I started this book expecting to have my expectations of racism to be realized. What I encountered was a well-written, thoughtful examination of what racism is and how difficult it is to pin down to certain places and actions. As a Canadian, I found Ben Jalloun's experience as a Morracan immigrant Parisian to contain a lot of information I am familiar with. The responses (and Ben Jalloun's postscript) reminded me how little I, as a Canadian, understand of the continuing racial strife between whites and 'browns' south of the 49th parallel (or even in my own country). I would have thought that time and progress would have address the 'colour line' in American society. Apparently some segments of American society want to see the 'colour line' continue. Not that I am pointing a finger at America (United States), it is just that racism takes on different forms in different societies and to try and pin it down in a short 200 page book is, well, just not possible. I love the fact that the book starts out with Ben Jelloun's French-living perspective of racism. As he points out, immigration into France is a rather new thing, whereas North America (both Canada and America) are very much build based on an immigrant society. Even America's founding fathers were immigrants. But even these two neighboring countries have cultural differences, and it is these cultural differences that may explain the differences between the two countries and the complexity of racism as a whole. While I have no answers - in fact, the book is wonderful in providing the reader with the information to start and continue a cultural awareness journey - I appreciate the responses provided by William Ayers, Lisa D. Delpit, David Mura and Patricia Williams to present their own personal American views regarding racism in response to Ben Jelloun's French immigrant view. As a personal note, as much as I appreciate Affirmative Action (especially in the context of the United States), I cannot help but question it role (as being a possible case of reverse racism) in the following example of someone I know: Their recent (post- 2014) original application for a job position did not even elicit an interview. When the applicant in question saw the same job (with the same organization) posted three months later, they re-submitted their application (with no changes - except for name) and replaced their given name with a name that was of a more culturally immigrant name (not John Smith). They were contacted by within 7 days for an interview. Yes, they did attend the interview and explain the name subterfuge. Unfortunately, the organization (I am horrified to say) was more concerned that the person was not of a noticeable (visible) immigrant nationality than that they had completely overlooked his credentials the first time around (which were word-for-word from their previous submission).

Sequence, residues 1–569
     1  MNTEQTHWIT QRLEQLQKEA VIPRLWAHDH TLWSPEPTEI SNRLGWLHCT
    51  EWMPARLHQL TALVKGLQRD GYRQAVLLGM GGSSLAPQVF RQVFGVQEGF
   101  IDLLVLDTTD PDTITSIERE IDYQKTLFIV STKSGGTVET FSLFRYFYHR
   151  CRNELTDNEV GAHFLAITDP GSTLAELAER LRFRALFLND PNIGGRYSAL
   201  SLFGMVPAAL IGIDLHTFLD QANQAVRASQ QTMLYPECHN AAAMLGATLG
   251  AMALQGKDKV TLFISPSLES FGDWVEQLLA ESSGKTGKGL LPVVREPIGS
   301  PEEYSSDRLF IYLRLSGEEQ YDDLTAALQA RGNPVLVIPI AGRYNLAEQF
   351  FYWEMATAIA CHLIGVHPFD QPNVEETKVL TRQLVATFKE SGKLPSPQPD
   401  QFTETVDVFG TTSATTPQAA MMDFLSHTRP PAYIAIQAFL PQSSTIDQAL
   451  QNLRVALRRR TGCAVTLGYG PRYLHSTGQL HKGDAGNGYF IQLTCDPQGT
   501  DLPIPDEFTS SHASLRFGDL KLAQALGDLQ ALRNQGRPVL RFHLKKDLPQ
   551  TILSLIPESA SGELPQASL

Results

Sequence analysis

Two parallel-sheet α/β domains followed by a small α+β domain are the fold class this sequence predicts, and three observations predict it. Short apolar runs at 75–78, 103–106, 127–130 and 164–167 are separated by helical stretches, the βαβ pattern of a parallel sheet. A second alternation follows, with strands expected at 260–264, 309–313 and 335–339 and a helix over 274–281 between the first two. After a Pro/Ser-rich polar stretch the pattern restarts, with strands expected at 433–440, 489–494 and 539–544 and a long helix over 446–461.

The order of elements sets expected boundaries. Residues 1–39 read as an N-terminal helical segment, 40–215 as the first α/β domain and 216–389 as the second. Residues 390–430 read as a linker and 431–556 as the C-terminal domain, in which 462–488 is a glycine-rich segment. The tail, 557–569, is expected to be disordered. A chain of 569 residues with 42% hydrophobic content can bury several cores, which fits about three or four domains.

I think that racism is a very complex issue and something that deserves more attention than it currently receives. This book is a wonderful starting point - for both children and adults - to start examining the racism question and to generate awareness of an issue that is as old as humanity itself. ( )
4 vote lkernagh | Apr 4, 2016 |
This book contains some very intelligent conversations on race in America. Jelloun begins the discussion with a dialogue with his daughter and then five other social commentators take it up. I found William Ayers' and Lisa Delpit's essays to be particularly thought-provoking. Both look closely at the historical context of racism and then apply it to today's social environment. If you live in America, you should read this. I'm currently trying to work this book into my 11th Grade English curriculum. I'm looking forward to the conversations it is bound to produce. ( )
1 vote danconsiglio | Apr 1, 2010 |
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Amazon.com Product Description (ISBN 156584534X, Hardcover)

In the tradition of Marion Wright Edelman's "The Measure of Our Success," a best-selling author speaks frankly with his daughter about racism. A runaway best-seller in Europe, Tahar Ben Jelloun's Racism Explained to My Daughter has been translated into more than a dozen languages and sold more than 300,000 copies. Writing in response to his ten-year-old daughter's questions about racism, the prize-winning author has created a unique and compelling dialogue, speaking to racism as a problem not only in France, but around the world. Elegant and sensitive, "deceptively simple" (New York Times), Racism Explained to My Daughter is for all parents who have struggled to engage their children in discussion of this complex issue. It also includes personal essays from four leading U.S. writers who are also parents.

(retrieved from Amazon Thu, 12 Mar 2015 18:14:32 -0400)

Suite une manifestation lie au racisme, Tahar Ben Jelloun, crivain et pre, s'est mis en frais d'expliquer ce qu'est le racisme sa fille de dix ans. Son approche est structure et la porte des jeunes. Il dfinit simplement des termes complexes comme diffrence, tranger, xnophobie, discrimination, ghettos, etc. Un petit livre d'une grande richesse. Dans cette nouvelle dition, l'auteur ajouter un texte rdig sept ans plus tard, ##La monte des haines##, n d'un constat selon lequel le racisme s'est banalis et dans certains cas aggrav avec le temps. Il tente d'expliquer la monte de l'antismitisme et de l'islamophobie dans les collges et lyces franais et milite en faveur de la loi sur la lacit. [SDM]… (more)